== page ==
FIG. 2B shows that a control gate pattern is defined and the second polysilicon layer 4 is etched with the aid of a photoresist 5 to form the control gate 6. FIG. 3C shows that, after the control gate 6 is formed, a second polysilicon etch, which is self-aligned to the control gate, is applied to etch the remaining first polysilicon layer 2 exposed on the substrate surface to form a floating gate 7. This forms a split gate structure comprising a floating gate 7 and a control gate 6 both are formed on the substrate 10 above the tunnel oxide 1 and separated by an inter-poly dielectric layer 3. After source/drain implantation to form source 8 and drain 9, a split gate device is formed as shown in FIG. 1.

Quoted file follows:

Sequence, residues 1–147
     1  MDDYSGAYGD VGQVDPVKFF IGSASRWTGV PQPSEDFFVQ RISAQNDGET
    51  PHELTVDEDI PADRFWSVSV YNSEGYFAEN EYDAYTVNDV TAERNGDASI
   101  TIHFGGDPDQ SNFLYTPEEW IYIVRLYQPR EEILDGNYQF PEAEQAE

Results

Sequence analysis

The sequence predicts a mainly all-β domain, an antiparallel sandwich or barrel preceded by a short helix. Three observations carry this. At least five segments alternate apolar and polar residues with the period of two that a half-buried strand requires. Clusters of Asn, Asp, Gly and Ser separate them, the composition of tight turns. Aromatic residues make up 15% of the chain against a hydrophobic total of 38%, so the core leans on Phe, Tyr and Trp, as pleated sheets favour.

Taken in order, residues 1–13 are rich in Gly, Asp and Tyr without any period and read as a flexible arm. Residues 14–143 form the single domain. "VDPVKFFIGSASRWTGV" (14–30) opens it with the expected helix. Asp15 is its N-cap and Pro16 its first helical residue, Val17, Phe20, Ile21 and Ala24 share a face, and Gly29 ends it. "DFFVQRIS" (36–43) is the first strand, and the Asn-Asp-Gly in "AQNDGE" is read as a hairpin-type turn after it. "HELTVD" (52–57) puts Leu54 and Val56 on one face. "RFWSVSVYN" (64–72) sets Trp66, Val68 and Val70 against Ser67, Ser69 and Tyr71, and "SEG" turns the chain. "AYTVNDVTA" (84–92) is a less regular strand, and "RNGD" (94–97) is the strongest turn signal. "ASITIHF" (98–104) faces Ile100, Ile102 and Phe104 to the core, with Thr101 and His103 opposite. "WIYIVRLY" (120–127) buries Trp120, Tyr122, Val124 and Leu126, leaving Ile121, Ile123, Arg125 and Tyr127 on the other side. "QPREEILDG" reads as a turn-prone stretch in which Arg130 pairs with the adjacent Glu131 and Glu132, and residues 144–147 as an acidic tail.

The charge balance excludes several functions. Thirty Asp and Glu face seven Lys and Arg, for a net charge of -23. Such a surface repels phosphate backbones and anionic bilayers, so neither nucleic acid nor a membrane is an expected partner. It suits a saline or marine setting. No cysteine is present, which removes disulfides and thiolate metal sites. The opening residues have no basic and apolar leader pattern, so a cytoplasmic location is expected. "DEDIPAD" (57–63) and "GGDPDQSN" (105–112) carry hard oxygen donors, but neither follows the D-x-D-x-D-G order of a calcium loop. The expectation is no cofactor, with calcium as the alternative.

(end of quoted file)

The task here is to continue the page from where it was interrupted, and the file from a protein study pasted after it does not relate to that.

One of the main drawbacks of split-gate memories is that, because of the need for the addition channel required to provide direct control for the control gate, under the conventional technology, their size will be about 50% greater than that of the self-aligned ETOX flash memory cell. In order to minimize the increase in the cell size, it is highly desirable to make floating gate as short as possible. However, the minimum length of the floating gate is dictated by the dimensional precision of the photolithography technology. Using the conventional photolithography technology, the size of the split-gate cells cannot be scaled down to the same extent as that of the self-aligned ETOX flash memory cells. Moreover, during the process stop of self-aligned etching of the first polysilicon layer to form the floating gate, extensive over-etch may occur on the region that is not covered by the first polysilicon layer, resulting in possible silicon attack. To avoid such over-etch problem, a stricter process requirement such as extremely high oxide to silicon selectivity is often required for the floating gate etch. This leads to substantially reduced process margins (i.e., rooms for error), reduced yield rate, and increased process cost.